set upon firm ground and steadfast, having two gates, one commonly open, the other as a postern, with two watchmen at either of them, one governor, one lieutenant, four soldiers, and no good thing there wanting. The same to be named the fear of God; the governor thereof to be God, your Majesty the lieutenant, the stones the hearts of faithful people; the two watchmen at the open gate to be called knowledge and virtue, the other two at the postern called mercy and truth; all being spiritual ministers. This fort is invincible if every man will fear God.

Williams was in charge of drawing up the articles for the succession committee, 19 Jan. 1563, and on 28 Jan. in the gallery at Whitehall, he made ‘a notable oration’ on the subject. At the end of the session, at about 3 p.m. on 10 Apr., Elizabeth came by water from Whitehall to Westminster to prorogue Parliament. After she had taken her place in the Parliament chamber, the Commons appeared at the bar, and Williams opened the proceedings:

Thus it is, most excellent and virtuous princess, as nature giveth to every reasonable creature to speak, so is it a grace to be well learned. And I, representing the mouth of such a body as cannot speak for itself, and in the presence of your Majesty’s person and nobles, must most humbly desire and crave of your Highness to bear with my imperfection.

After again pressing her to marry, Williams referred to the work of the Parliament, lacing his oration with many historical examples. Finally, with extraordinary persistence, for his future career depended entirely upon retaining the royal favour, Williams thanked the Queen for bearing with his ‘unfitting words, uplandish and rude speech’ and boldly returned to the charge. The Queen should marry and have children, ‘so that you and they may prosperously and as long time reign over us as ever did any kings or princes’.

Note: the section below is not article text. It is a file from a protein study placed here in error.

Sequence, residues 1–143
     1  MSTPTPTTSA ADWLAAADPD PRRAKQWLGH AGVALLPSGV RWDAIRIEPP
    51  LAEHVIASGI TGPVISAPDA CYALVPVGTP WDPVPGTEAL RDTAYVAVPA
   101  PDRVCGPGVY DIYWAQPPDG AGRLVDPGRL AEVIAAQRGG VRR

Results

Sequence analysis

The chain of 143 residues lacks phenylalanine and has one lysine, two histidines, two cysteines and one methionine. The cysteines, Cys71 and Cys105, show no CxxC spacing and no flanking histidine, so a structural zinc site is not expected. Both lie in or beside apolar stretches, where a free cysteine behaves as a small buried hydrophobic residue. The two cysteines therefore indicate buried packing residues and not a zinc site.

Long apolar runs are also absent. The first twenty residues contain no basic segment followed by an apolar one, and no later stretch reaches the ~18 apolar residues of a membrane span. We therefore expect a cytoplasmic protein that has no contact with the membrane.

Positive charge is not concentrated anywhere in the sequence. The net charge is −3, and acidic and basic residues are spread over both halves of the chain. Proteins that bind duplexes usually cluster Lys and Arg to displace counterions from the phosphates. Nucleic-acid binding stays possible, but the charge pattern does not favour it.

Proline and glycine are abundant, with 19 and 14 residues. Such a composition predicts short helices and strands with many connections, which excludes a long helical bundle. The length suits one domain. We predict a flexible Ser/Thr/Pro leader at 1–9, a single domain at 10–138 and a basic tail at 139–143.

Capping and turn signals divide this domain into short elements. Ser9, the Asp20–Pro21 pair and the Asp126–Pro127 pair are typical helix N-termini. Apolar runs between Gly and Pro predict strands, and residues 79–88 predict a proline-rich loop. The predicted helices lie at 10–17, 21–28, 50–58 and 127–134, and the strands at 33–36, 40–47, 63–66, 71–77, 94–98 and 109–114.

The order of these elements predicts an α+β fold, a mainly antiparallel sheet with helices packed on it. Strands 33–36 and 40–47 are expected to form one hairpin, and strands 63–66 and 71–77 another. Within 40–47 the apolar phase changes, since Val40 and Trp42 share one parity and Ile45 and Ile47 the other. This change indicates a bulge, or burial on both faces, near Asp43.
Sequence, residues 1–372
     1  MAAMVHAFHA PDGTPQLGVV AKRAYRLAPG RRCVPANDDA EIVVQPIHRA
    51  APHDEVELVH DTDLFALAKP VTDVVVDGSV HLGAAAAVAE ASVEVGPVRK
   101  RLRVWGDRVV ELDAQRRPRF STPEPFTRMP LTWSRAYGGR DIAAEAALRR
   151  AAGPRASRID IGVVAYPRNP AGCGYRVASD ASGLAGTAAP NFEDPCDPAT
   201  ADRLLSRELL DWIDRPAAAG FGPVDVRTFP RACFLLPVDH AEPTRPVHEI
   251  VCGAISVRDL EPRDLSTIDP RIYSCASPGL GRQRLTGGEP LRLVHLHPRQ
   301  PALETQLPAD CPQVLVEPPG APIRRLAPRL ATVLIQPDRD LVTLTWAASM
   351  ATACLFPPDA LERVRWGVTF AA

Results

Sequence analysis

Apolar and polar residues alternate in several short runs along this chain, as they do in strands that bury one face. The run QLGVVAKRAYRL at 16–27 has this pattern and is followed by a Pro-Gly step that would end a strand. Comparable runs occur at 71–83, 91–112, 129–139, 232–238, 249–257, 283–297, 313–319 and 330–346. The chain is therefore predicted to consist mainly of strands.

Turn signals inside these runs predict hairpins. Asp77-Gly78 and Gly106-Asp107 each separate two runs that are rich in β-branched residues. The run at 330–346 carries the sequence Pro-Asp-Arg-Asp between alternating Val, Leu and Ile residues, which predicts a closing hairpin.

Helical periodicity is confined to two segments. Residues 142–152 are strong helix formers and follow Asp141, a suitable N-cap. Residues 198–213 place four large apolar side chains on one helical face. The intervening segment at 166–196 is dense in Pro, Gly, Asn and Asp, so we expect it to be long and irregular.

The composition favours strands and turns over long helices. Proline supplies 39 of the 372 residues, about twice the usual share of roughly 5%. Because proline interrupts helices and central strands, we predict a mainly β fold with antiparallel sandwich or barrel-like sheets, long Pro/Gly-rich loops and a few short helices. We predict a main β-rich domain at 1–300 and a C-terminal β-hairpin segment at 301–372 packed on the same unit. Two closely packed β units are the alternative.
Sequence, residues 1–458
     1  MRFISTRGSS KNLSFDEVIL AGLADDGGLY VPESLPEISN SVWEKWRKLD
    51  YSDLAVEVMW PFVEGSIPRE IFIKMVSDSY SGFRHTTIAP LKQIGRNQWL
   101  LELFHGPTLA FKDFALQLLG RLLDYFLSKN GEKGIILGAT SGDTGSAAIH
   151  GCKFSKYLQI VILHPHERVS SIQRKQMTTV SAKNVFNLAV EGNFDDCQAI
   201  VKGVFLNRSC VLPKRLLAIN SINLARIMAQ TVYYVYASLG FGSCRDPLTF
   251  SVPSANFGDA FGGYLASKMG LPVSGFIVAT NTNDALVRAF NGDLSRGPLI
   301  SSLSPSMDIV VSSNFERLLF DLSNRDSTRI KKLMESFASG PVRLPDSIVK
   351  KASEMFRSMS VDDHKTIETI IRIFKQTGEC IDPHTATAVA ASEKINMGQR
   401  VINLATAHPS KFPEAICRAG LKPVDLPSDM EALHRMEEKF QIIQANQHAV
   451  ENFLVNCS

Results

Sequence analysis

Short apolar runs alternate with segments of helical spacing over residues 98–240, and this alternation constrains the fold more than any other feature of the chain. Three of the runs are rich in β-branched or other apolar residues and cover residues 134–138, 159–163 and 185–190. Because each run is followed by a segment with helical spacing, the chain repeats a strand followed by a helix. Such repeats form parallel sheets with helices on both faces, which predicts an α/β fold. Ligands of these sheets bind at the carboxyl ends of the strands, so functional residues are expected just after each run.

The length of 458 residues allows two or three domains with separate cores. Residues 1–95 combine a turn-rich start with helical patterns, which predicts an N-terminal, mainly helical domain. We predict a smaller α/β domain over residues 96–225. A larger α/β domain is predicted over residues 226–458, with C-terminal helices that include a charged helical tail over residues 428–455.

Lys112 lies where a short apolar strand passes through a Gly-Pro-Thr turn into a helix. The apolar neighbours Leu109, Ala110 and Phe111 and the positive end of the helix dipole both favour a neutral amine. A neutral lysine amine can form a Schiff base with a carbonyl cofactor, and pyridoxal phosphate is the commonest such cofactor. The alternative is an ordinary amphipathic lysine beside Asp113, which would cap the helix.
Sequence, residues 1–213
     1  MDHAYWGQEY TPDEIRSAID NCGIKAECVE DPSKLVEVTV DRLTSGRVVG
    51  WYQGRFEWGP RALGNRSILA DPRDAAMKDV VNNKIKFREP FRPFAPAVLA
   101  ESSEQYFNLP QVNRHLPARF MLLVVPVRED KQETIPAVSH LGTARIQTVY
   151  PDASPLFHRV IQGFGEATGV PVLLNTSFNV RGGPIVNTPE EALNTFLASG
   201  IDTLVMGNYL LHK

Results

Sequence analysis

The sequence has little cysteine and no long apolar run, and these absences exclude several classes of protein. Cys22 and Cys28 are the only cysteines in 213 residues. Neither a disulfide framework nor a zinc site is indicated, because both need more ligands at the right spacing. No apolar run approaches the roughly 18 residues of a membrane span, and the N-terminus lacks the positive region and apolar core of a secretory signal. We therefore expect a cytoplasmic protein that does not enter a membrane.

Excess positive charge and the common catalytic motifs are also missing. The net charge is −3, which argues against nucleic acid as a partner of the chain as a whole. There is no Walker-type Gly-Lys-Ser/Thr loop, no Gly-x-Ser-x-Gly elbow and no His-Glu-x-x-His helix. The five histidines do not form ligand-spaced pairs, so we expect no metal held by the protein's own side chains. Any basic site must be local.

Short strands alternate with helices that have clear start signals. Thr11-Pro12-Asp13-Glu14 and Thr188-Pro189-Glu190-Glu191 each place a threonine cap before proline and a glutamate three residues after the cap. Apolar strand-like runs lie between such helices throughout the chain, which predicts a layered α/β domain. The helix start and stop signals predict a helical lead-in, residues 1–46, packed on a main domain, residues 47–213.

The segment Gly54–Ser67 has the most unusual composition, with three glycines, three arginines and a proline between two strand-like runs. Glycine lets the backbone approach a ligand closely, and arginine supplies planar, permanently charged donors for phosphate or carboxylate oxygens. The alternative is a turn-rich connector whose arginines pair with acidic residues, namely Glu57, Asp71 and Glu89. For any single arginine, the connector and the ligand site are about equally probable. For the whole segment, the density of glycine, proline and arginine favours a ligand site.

The Speaker at this time had considerable discretion in deciding when bills were to be introduced and in choosing the order in which they should be read, so that one wonders whether Exeter might have had foreknowledge of the fact that Williams was to be chosen Speaker, or even whether the city helped to arrange this. At any rate he and his colleague took to Westminster a list of six measures the city wished to see adopted, and no less than five of them were embodied in the legislation of the Parliament. Williams was well rewarded. He was paid £20 outright for ‘preferring the suit and business of the city’, and his annual retainer was doubled. But the wider rewards to which he must have looked forward, promotion to serjeant and the judicial bench, were denied him. He died ‘in his young flourishing age’ on 1 July 1566, and when Parliament reassembled for the second session on 30 Sept., procedure had to be devised to replace him. In his will he hoped to become